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Updated by Joanna James on Jun 23, 2019
Headline for Things to Know Before You Travel to Maldives - Be Prepared for Paradise
Joanna James Joanna James
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Things to Know Before You Travel to Maldives - Be Prepared for Paradise

The very name of "Maldives" itself brings a picture of paradise to our mind. If you're one of the lucky ones heading over for a holiday in "paradise" here are some things that you must know.


It's Made Up of Almost 2,000 Small Islands

The beautiful archipelago of Maldives is made up of about 1,190 islands sprinkled across the Indian Ocean, just below Sri Lanka and India. Some are really, really small that you'll have to zoom 10 times more in Google Maps to see it. Of course, not each of these islands is inhabited. Its crazy to believe that out of the staggering 1,190 or so islands, only 200 are populated including the capital Malé which is home to about153,904 people and has an area of 5.8 km². Some islands are entirely dedicated to resorts; these are the ones that have the famous Maldives beach villas and over water villas. When it comes to uninhabited islands, there are two kinds, the ones that are of considerable size are used for agriculture and industrial purposes. The other kind is the islands so small that they are used by resorts for picnics or romantic meals.


Not All Islands Are Natural

Most of the islands in Maldives were formed by volcanoes millions of years ago. However, some of the islands that you will see in Maldives are actually manmade. One of the best examples for this is Hulhumale, that's the closest island to the international airport. This "artificial" or "reclaimed" island was created back in 2004 with a foundation of concrete and sand. Today, Hulhumale is a bustling island with many paved roads, houses, and shops.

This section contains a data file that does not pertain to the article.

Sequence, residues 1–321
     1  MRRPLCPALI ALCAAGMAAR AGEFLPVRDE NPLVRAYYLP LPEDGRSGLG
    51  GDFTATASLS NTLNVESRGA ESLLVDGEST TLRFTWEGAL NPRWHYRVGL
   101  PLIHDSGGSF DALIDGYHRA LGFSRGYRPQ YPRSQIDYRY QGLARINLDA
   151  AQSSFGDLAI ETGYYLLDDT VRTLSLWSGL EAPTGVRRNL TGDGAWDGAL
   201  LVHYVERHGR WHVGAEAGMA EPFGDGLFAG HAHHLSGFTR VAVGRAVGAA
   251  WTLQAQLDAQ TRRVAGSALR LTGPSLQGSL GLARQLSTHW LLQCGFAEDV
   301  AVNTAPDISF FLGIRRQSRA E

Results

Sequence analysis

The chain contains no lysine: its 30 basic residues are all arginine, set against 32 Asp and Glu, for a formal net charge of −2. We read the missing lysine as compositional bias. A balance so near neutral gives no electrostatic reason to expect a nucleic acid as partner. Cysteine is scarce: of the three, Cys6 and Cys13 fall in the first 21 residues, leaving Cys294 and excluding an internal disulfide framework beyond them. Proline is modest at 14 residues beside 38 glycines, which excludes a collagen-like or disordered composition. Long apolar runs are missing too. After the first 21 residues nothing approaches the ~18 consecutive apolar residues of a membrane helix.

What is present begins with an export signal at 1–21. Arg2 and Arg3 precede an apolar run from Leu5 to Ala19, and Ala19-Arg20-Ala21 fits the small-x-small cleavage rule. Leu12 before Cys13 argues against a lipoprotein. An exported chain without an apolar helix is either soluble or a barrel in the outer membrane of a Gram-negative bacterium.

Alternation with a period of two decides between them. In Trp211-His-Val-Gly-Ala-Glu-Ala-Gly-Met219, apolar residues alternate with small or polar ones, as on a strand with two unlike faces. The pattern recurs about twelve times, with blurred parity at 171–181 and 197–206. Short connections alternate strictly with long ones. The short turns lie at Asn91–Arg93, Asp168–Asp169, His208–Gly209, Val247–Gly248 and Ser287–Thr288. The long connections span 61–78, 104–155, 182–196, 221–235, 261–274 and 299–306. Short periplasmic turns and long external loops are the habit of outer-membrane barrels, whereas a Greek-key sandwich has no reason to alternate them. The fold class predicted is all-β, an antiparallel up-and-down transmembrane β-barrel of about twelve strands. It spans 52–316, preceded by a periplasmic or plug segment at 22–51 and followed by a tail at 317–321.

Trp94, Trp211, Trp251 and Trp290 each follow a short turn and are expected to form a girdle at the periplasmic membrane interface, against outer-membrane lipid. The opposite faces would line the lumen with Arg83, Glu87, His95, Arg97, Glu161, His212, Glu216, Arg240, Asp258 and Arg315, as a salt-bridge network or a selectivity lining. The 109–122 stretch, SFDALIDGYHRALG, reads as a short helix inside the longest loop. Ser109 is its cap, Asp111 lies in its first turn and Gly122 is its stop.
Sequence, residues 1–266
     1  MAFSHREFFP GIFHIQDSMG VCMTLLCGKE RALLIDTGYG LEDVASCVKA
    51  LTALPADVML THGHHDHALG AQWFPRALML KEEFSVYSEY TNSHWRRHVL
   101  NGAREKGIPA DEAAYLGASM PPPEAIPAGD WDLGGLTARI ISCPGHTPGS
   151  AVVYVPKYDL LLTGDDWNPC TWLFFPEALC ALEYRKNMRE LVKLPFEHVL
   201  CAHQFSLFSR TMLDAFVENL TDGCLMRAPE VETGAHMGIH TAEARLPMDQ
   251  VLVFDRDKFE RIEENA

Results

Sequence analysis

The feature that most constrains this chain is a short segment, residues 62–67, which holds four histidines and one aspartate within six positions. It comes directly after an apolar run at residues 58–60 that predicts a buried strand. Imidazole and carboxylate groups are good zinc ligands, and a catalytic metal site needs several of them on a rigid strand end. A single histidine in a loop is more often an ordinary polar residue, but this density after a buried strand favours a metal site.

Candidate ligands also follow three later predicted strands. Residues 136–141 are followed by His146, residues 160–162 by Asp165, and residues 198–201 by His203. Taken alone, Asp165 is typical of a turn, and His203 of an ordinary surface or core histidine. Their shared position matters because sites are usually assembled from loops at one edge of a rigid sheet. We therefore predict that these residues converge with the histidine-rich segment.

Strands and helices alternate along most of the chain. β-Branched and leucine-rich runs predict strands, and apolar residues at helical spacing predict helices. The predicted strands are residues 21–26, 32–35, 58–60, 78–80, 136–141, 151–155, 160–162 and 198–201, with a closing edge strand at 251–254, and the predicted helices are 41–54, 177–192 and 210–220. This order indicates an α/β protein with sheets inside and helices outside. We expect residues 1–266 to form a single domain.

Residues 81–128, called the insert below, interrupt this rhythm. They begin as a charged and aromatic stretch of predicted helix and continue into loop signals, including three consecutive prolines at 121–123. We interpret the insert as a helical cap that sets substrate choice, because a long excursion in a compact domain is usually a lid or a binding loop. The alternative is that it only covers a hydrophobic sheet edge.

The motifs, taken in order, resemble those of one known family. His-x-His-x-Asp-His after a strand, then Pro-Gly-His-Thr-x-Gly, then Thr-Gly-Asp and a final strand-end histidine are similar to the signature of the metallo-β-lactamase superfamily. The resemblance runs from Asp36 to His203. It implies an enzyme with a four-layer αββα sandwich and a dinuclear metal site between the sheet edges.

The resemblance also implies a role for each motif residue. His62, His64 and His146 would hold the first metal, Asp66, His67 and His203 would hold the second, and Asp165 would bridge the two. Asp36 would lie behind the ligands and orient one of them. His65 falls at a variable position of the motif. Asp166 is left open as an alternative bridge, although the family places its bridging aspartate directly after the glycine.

But you might ask, why artificial when there are so many natural islands? The answer is quite sad- global warming. Yep, that's right the rising water levels and sea erosion is making the islands of Maldives slowly disappear. The statistics are simply frightening as it was reported that so far, over 100 islands have gone under. Due to this, you'll see seawalls constructed around the islands to help break waves. There'll also be pumps that are used to pump back sand into the land.


There's a Glow-in-the-Dark Beach

The beaches in Maldives are stunning, but out of all these there's one that's simply spectacular and that's the glow in the dark beach! Yes, it truly does it exist and if you head over to the Baa Atoll at night you'll be able to see it for yourself. This magical natural phenomenon is caused by bioluminescent plankton.


It Has a 100-Percent Islamic Population

Maldives is one of the only two countries in the world to have a 100% Muslim population. This is very important to know before you go on vacation, especially during the Ramadan season, as many shops, restaurants, and services including those by the government, will be closed during prayer times. Alcohol and pork are banned from the country all year round, but you still have access to these at resorts like the Adaaran Select Hudhuranfushi. Since Maldives is a very conservative country, modesty is also a must. You can wear shorts, bikinis or any other revealing clothes at your resort, but when you go to visit Old Friday Mosque in Malé or any other public place, make sure to dress in modest clothing as it's forbidden. Public displays of affection like kissing or hugging are also forbidden.


Not your Everyday Glass of Water

Since Maldives doesn't have that many natural resources, fresh drinking water is very rare and the water bottles you buy will be heavily taxed, so be prepared. The water that is used for drinking in Maldives is recycled, treated and produced through a process known as reverse osmosis desalination. While this makes the water completely clean and safe to drink, it does, however, removes the natural minerals which make it less beneficial than ordinary water. This means you're going to get dehydrated a lot. Thankfully, the Maldivians have flavoured hydration packs to help you deal with that.